The automobile industry, considered as one of China’s pillar industries, contributes dramatically to China’s extraordinary path of economic development, with an average yearly GDP growth rate of 10%.  Starting as an industry with low output and technology deficiency, China became the world’s largest car manufacturer in 2009 with an output of 13.79 million, of which 8 million were passenger vehicles. 
There are some unique features of Chinese automobile industry. For example, some of the car companies are privately owned, some are state-owned and some are owned by foreign companies. Therefore, it is an industry where private firms, state-owned firms, and joint ventures compete together. The industry itself presents a fertile ground for interesting research questions: on the demand side, what affect consumers purchasing decision; on the supply side, what are the pricing strategy, product choices, and dynamic decisions of firms. In addition, the growing ownership and usage of automobiles in China are linked to global warming, air pollution, and other environmental problems. It also remains to be an urgent and essential problem for the Chinese government to design effective policies to mitigate the above issues.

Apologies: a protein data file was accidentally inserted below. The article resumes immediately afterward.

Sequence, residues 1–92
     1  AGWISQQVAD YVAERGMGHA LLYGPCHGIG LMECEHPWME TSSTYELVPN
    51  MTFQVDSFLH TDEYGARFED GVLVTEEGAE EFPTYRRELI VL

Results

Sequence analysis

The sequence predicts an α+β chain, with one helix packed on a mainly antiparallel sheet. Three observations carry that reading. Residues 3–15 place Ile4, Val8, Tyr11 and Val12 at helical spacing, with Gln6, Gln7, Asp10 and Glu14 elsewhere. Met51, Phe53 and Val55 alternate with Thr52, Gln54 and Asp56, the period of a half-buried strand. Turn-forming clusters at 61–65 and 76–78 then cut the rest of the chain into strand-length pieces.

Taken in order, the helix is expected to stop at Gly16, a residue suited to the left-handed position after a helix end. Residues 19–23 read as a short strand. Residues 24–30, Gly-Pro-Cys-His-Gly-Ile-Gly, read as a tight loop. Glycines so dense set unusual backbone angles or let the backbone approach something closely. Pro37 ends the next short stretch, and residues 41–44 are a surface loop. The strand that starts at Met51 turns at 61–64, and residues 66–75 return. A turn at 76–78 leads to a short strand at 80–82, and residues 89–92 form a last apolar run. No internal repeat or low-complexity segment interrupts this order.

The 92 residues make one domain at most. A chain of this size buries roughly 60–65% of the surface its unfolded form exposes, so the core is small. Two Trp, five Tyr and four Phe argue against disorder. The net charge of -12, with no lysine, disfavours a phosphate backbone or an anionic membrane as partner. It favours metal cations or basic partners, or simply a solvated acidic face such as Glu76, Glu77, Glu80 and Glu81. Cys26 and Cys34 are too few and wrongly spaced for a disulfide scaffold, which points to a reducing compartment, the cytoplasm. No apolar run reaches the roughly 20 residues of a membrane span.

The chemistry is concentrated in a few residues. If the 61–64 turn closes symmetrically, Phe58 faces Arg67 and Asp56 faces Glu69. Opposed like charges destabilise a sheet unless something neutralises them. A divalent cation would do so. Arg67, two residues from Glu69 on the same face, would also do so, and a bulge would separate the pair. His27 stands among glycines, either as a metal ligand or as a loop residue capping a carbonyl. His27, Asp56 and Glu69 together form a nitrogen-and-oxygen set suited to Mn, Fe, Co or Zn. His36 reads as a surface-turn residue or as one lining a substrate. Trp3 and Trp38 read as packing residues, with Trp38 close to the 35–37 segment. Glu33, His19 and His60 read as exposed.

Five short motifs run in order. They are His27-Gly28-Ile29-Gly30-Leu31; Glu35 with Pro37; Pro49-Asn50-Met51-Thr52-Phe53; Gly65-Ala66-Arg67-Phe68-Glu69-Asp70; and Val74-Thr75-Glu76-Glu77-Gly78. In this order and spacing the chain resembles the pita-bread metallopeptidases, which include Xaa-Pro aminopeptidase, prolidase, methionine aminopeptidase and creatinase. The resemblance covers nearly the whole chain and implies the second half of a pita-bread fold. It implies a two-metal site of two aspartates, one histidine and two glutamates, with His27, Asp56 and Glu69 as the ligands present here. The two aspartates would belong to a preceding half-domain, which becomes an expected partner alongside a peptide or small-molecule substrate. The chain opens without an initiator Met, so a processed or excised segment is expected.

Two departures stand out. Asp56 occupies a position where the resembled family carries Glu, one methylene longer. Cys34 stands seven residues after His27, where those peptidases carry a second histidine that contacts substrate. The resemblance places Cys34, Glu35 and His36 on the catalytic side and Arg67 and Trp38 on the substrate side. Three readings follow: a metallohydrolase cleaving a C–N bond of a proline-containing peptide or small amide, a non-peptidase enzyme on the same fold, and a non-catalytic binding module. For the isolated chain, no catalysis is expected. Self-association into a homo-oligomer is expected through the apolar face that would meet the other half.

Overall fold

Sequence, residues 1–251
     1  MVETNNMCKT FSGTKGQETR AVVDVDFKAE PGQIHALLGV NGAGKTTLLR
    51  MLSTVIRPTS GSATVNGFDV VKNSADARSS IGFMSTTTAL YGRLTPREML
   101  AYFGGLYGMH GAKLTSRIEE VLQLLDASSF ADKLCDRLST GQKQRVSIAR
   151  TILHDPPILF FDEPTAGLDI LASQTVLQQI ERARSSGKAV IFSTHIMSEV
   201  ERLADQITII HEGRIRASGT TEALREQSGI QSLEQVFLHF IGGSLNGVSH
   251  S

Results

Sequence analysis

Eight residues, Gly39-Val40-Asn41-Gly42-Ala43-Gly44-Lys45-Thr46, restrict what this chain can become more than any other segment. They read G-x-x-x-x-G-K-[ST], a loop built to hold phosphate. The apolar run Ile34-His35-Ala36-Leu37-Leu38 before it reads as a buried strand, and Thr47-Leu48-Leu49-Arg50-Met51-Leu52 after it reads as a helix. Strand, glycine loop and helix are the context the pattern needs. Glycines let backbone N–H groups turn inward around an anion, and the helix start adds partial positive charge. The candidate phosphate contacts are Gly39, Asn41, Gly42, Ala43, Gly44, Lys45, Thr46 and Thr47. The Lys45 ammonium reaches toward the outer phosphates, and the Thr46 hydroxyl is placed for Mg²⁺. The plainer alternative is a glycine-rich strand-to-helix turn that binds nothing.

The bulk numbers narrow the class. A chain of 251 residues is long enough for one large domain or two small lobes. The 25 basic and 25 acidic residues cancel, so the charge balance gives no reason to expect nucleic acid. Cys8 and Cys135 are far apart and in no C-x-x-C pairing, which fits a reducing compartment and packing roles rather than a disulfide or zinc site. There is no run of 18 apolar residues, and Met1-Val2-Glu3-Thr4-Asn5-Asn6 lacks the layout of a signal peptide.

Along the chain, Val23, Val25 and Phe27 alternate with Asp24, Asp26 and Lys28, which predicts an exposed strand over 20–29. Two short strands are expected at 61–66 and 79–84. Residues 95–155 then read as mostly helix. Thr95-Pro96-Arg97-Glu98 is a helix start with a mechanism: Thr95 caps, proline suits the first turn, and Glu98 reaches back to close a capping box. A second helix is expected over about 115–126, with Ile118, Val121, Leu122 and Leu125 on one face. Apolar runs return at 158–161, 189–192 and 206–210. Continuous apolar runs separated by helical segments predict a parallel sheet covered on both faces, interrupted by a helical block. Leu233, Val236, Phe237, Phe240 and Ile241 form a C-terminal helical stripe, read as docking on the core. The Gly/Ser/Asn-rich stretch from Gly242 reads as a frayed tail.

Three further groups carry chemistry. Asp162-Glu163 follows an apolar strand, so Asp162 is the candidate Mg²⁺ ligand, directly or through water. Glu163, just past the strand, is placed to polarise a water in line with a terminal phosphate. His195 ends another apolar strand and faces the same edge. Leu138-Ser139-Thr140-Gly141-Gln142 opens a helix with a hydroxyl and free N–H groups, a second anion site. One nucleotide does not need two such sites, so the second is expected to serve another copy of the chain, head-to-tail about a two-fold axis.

With a rigorous training in applied microeconomics; a solid background in quantitative methods in statistics and econometrics; and a thorough immersion in transportation policy study, I am applying what I have learned to address some of the key issues related to the automotive industry, including the environmental and energy issues linked. More specifically, I am interested in Energy Economics, Transportation Economics, Industrial Organization and Applied Econometrics.